Back before I had a kid, I used to make gnocchi fairly often. This was long before I was vegan, but still, I’ve always been trying to eat less meat. After I had a kid, I guess I decided it was too much work, so it’s been at least 14 years since I’ve had fresh, homemade gnocchi, and I’m kicking myself because it’s so easy and delicious. This stuff is far above the packaged gnocchi that I tend to buy from Trader Joe’s. My gnocchi is light and fluffy!
I dreamt up this recipe as I was running errands the other day, trying to figure out if I needed to stop at the store and what I could make for dinner. It was my first attempt and I’m pretty happy with how it turned out.
Don’t be intimidated by the long list of instructions below. It’s really not that difficult and once you gone through the process, it will be much easier the next time.
Yakisoba is a traditional Japanese dish usually made with meat, veggies and noodles. It features a sweet and savory sauce, typically made with Worcestershire sauce. I’ve had a version of this in my rotation long before I switched to a vegan diet and honestly after I made the switch I stopped making it for a while. I’m not sure why that is, but I’m now ready to make it a more permanent fixture in our dinner routine.
Last weekend I picked up some baked turmeric tofu from local tofu maker Phoenix Bean Tofu. They have a stand at the Evanston Farmer’s Market, but they also sell their products in the local co-ops and many grocery stores in the area. Although I love tofu, it was the first time I bought baked tofu and now I have to make up for lost time because it is so freaking good! My 13-year-old daughter loved it too.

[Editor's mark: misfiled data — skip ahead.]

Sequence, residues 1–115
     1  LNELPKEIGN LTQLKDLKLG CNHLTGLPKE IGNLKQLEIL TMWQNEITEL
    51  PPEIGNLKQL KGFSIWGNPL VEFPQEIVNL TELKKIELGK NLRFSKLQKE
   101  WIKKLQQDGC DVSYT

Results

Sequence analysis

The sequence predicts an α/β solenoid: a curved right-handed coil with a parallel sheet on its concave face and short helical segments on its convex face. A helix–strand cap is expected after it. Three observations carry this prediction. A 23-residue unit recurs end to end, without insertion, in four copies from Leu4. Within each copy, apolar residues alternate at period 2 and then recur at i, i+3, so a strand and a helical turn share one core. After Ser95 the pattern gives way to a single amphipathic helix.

We ate this over a 3 day period and the first night we had the yakisoba hot out of the pan, but it was so hot here the other night my daughter didn’t want warm food. Instead, we tried it straight out of the fridge and it was another game-changer. Again, so freaking good!
This is a great dish for summer. You can use all those yummy veggies from the farmer’s market for this. From my experience, yakisoba is great for experimenting so try different veg combinations. You can also add garlic and ginger, but I wasn’t thinking of that when I made the below recipe and I think it turned out great so I thought I should share!
There’s nothing fancy in this recipe. You should be able to get all ingredients from your local grocery store. I use Chinese noodles because they’re easy to find. I used to think I could only find Asian noodles at an Asian market, but if your store has an International section, you should be able to find them there. If you want to be more authentic, you can look for yakisoba noodles at an Asian market. I’ve also seen recipes that use ramen noodles.
1 onion, chopped 2 cups mushrooms, sliced 2 cups mix of green and red cabbage (I use a coleslaw mix) 1 cup broccoli 1 carrot, julienned 1 red bell pepper, sliced 1/2 package of baked turmeric tofu, cubed (you can use any baked tofu) 1/2 package of Chinese noodles or yaki-soba noodles if you can find them 1 tablespoon toasted sesame seeds (optional)